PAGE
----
University Scholars Approved Coursework

In order to successfully complete the University Scholars Program, students are required to complete 12 hours of approved coursework by the time they graduate. The following may be used to complete this requirement:

See the schedule of Fall 2021 approved coursework.

See the schedule of Spring 2021 approved coursework.

HON Seminars

HON Seminars promote critical thinking, reading, and problem solving and to employ methods that instill the integration and appreciation of knowledge across disciplines. Their small class size provides an ideal setting for constructive argumentation, analysis, synthesis, and pointed conclusions. They are taught by faculty members that are specially trained to engage students in critical debate about the subjects studied.

Honors Sections

Honors sections of courses (designated by an “H” suffix) typically have a smaller class size, and provide students with a more in-depth and challenging exploration of the course subject matter, than their non-Honors equivalents.  They are usually restricted to students in the University Scholars Program and University Honors Program, creating an environment of academic excellence and inquiry.  Not surprisingly, Honors courses tend to receive very positive feedback from our students.

Honors Contracts

The Honors Contract process allows students to earn Honors course credit through contracts with faculty. The contract may be for work done independently by a student under faculty supervision or may be made between faculty members and teams of students working on a common project. Contracts for Honors Credit may be developed in advance by members of the faculty who agree to supervise Honors work (faculty-initiated) or may be proposed by students to members of the faculty in whose courses they are or plan to be enrolled (student-initiated). The form that must be completed can be found here.

First-Year Inquiry Courses

First-Year Inquiry (FYI) courses are restricted to first-year students at NC State, and are designated with a “Q” suffix.  These courses are specially designed for first-year students to help them make the transition from high school to university-level thinking.  Their small class sizes (typically 20-22 students) and emphasis on inquiry-guided learning techniques help foster a close relationship between the students and the professor, and the development of critical reading, writing, and discussion skills.  Most FYI courses fulfill General Education Requirements or departmental requirements. It is recommended that students consult with their academic advisors when choosing an FYI course.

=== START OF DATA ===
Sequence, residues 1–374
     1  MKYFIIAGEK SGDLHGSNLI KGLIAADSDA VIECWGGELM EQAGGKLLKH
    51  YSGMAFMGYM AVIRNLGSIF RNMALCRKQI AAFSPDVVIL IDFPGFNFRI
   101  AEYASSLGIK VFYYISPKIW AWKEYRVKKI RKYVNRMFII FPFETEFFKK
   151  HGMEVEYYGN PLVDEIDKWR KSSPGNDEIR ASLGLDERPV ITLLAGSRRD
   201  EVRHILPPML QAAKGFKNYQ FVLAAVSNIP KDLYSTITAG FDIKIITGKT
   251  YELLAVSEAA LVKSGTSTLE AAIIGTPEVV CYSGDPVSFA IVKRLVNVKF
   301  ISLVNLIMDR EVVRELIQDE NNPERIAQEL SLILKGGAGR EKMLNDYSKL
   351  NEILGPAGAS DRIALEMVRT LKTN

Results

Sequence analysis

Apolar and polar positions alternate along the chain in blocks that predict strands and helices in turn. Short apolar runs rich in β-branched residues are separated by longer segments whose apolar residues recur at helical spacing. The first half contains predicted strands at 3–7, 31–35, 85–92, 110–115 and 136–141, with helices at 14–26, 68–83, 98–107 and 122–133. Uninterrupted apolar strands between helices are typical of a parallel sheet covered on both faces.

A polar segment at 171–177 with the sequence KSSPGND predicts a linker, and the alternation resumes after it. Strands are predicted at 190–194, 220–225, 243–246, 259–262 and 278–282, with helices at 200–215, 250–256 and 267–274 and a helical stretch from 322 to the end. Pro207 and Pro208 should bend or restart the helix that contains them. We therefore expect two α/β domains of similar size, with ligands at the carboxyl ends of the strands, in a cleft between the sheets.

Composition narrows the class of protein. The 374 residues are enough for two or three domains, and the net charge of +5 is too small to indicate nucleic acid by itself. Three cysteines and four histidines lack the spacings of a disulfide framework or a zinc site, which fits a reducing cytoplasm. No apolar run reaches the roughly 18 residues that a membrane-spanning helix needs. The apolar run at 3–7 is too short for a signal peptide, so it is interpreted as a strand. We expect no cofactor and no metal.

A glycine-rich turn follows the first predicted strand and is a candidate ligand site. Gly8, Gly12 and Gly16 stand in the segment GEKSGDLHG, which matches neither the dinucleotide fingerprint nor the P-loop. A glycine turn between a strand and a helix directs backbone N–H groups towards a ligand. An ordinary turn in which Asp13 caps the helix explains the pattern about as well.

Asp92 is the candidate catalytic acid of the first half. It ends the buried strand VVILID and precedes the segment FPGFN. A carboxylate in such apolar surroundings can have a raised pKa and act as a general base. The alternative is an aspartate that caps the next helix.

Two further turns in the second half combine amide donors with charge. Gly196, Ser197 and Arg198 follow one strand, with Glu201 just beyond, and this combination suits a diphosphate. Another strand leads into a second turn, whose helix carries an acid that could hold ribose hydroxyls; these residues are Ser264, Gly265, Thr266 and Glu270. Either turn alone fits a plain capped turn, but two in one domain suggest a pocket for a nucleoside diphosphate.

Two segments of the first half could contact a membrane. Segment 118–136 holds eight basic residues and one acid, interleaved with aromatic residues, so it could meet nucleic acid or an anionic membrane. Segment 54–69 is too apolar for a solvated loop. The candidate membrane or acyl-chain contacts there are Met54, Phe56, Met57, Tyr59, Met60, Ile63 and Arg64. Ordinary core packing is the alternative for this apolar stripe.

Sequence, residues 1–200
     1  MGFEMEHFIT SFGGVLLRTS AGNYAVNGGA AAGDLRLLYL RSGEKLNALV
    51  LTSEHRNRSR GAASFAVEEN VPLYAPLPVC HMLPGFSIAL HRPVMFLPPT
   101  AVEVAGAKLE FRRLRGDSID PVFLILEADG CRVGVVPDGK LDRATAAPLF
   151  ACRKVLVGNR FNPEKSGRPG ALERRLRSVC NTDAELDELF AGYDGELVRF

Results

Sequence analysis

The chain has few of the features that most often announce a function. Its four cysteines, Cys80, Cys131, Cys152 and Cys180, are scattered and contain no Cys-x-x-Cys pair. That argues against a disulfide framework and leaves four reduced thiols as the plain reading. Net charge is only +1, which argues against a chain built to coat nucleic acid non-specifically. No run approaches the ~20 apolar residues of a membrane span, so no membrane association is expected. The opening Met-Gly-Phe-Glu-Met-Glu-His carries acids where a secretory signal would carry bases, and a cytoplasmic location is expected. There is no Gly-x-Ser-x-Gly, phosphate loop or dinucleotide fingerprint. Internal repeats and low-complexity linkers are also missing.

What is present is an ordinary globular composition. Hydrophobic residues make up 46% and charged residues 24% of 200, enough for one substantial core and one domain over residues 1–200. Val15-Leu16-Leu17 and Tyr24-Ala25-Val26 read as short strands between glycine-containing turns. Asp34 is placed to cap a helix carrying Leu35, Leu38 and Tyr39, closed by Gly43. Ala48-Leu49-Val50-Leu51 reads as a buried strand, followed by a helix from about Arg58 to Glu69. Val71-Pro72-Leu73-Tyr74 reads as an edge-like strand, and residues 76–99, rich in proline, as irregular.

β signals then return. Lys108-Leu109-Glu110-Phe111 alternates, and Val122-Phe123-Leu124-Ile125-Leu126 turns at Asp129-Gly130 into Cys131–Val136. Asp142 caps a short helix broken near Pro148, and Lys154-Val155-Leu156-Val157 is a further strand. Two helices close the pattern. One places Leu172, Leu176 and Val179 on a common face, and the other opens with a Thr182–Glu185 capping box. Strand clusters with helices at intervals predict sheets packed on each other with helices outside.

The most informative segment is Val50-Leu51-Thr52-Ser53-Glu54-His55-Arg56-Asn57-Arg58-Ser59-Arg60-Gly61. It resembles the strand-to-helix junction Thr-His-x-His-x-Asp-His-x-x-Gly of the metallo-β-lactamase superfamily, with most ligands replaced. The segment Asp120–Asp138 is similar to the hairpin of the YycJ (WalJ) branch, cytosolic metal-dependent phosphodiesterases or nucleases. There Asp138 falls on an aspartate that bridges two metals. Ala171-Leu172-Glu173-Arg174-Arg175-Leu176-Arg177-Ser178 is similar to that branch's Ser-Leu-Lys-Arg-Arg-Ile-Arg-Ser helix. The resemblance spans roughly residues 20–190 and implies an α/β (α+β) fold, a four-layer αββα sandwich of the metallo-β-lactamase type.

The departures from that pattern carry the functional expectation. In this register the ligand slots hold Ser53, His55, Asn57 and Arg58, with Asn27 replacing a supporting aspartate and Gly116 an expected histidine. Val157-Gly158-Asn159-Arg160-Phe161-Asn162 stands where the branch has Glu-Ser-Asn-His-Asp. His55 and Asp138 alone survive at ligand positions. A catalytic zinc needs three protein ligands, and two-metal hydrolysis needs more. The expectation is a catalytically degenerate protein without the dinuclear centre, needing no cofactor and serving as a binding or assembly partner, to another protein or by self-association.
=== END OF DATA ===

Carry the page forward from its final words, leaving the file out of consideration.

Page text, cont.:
HON 398 Courses

HON 398 courses are open to University Scholars who have completed 2 semesters of Scholars Forum. These courses count towards the USP’s 12-hour coursework requirement, feature small class sizes (20 students per section), and reflect the mission of the University Scholars Program. For more information, contact Ken Johnson (kejohns2@ncsu.edu) or Sean Cassidy (smcassid@ncsu.edu).

Fall 2021 Courses

  • HON 398-001: American Foreign Policy in a World Transformed
    *Restricted to students who have completed 2 semesters of the Scholars Forum.
    Tuesdays, 6:00 – 7:50 PM
    The first decades of the 21st century have been marked by a series of disruptions that have transformed global politics and produced an American foreign policy that seems dysfunctional and divided to observers at home and abroad. The pandemic of 2020 is the most recent of these disruptions. It has revealed a world that is globalized, integrated, and dynamic. It has also revealed the vulnerabilities of this world. These vulnerabilities have increased the challenges facing U.S. policymakers. This course uses the Foreign Policy Association’s Great Decisions to examine eight global issues and to debate whether the United States can generate the national consensus, commitment, and credibility to join the global community in addressing them.
  • HON 398-002: New Fiction: Contemporary Issues in Literature
    *Restricted to students who have completed 2 semesters of the Scholars Forum.